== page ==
Dietary metal bioavailability in razor clam Sinonovacula constricta under fluctuating seston environments

Research output: Journal Publications and Reviews (RGC: 21, 22, 62)21_Publication in refereed journalpeer-review

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Original languageEnglish
Pages (from-to)131-139
Journal / PublicationScience of the Total Environment
Online published29 Oct 2018
Publication statusPublished - 25 Feb 2019
Externally publishedYes


To understand the potential risks of dietary metals to marine bivalves, it is important to study the interaction between dietary metal bioaccumulation and bivalve feeding behavior. Key processes in affecting the dietary metal influx are the selection of different particles during the ingestion process as well as the differential assimilation of metals during the digestion process. In this study, we quantified the influences of seston quality and quantity on the dietary assimilation of Cd and Zn as well as pre-ingestion particle selectivity in a razor clam Sinonovacula constricta following feeding on radiolabeled diatoms and sediments with different mixtures at four food concentrations. Bioavailability of 109Cd and 65Zn from seston was measured by assimilation efficiency (AE) using a pulse-chase feeding technique. The AEs of Cd and Zn were significantly affected by the seston quantity and quality (higher for Zn than they were for Cd and higher for diatoms than for suspended sediments), but were independent of the presence of other particles during the feeding process. Dual gamma radiotracer technique was further employed to study pre-ingestion particle selectivity. Particle selectivity was weak during pre-ingestion in razor clams, although there was evidence that clams might be able to differentiate particles during the process of pseudofeces production. Our study demonstrated that seston composition and quantity substantially affected the bioavailability of Cd and Zn to the razor clams. The results are important to understand the bioaccumulation of metals in clams living in dynamic food environments of estuary.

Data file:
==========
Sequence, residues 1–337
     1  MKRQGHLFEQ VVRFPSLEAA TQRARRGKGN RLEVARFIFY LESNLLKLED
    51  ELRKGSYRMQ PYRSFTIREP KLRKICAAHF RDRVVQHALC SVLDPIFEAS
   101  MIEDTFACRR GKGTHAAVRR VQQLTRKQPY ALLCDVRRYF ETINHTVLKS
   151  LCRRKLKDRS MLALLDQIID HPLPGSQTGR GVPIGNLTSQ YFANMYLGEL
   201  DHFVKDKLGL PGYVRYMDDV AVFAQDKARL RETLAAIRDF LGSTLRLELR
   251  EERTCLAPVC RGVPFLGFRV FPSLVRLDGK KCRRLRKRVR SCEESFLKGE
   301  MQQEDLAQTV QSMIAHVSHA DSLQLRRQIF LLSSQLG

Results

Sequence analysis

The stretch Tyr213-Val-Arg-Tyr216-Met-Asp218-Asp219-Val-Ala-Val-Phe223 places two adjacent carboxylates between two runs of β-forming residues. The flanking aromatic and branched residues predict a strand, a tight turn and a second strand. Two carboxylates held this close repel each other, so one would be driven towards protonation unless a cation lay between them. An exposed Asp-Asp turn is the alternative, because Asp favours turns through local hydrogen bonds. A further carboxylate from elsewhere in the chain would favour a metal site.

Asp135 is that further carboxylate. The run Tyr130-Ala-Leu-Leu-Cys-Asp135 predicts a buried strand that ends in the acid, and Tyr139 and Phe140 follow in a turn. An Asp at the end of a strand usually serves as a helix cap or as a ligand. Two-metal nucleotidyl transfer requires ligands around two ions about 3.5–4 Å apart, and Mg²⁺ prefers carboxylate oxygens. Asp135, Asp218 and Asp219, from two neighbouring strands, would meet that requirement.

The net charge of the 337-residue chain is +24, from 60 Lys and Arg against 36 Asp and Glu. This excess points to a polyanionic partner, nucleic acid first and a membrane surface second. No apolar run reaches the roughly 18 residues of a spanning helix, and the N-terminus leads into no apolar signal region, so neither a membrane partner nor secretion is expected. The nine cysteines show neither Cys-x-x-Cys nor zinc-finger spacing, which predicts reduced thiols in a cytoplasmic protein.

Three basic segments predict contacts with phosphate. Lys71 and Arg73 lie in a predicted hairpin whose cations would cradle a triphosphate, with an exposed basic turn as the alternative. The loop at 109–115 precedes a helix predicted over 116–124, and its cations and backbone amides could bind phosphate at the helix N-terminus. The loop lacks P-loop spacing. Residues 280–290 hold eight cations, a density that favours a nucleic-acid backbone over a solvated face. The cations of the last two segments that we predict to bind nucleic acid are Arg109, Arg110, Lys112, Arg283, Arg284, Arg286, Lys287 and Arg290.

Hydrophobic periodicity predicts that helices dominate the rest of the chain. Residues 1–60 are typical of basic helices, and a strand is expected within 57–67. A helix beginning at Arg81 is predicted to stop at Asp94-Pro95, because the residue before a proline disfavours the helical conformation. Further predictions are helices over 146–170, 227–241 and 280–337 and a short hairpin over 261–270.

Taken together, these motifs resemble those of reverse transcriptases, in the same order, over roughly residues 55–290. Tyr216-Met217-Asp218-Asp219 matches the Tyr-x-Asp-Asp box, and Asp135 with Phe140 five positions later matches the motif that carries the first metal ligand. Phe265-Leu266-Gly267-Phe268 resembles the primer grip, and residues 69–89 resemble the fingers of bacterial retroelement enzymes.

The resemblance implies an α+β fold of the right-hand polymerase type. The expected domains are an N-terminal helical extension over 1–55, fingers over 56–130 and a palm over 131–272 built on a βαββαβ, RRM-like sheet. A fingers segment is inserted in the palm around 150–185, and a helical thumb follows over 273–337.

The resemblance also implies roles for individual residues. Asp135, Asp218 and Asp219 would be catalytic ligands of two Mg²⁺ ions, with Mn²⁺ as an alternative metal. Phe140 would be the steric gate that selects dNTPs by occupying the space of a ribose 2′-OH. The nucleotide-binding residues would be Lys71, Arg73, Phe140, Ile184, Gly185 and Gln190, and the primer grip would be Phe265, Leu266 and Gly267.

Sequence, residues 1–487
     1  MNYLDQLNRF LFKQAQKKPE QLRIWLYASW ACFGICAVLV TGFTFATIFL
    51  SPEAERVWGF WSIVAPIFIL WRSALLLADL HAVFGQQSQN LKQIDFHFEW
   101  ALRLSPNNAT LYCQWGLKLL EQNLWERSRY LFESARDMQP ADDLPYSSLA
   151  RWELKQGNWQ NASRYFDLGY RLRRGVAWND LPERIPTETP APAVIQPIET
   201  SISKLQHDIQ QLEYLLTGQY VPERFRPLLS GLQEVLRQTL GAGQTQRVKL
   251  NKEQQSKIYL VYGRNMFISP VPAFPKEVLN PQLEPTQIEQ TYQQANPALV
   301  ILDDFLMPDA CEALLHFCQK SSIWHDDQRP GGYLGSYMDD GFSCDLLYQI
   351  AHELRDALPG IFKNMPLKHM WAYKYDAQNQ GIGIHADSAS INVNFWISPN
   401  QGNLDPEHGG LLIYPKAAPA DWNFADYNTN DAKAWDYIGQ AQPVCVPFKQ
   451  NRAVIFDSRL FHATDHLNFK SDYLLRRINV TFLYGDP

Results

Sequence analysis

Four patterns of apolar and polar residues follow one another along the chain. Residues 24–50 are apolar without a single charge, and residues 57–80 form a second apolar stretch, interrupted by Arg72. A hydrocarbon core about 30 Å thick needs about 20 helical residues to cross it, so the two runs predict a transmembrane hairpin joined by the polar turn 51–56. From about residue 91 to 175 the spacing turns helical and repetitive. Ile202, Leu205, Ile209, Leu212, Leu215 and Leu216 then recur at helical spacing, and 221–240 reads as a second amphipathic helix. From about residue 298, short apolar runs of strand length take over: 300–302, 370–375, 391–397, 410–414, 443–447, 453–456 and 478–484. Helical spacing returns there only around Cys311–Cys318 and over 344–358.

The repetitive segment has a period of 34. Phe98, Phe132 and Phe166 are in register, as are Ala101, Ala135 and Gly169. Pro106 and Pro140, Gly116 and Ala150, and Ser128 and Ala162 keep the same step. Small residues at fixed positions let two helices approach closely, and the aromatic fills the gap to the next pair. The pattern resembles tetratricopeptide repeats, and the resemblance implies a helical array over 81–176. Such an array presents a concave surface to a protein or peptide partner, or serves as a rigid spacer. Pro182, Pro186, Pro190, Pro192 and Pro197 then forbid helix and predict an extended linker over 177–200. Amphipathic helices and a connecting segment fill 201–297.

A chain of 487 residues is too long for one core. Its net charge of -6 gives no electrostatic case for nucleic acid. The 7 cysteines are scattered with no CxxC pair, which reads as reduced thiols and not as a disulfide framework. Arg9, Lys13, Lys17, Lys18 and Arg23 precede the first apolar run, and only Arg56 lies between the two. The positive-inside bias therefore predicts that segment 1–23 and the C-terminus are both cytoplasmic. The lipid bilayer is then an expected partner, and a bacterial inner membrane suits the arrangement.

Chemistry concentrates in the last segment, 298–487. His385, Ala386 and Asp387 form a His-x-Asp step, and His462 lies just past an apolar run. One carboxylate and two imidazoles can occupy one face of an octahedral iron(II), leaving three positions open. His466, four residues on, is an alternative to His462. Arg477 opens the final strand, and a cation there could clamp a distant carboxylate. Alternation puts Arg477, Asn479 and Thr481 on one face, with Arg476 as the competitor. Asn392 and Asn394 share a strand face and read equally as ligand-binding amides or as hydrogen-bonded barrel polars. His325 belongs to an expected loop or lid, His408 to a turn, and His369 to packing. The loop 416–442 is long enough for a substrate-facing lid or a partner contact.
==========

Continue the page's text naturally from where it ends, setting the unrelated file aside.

Research Area(s)

  • Bioavailability, Metals, Particle selection, Seston clams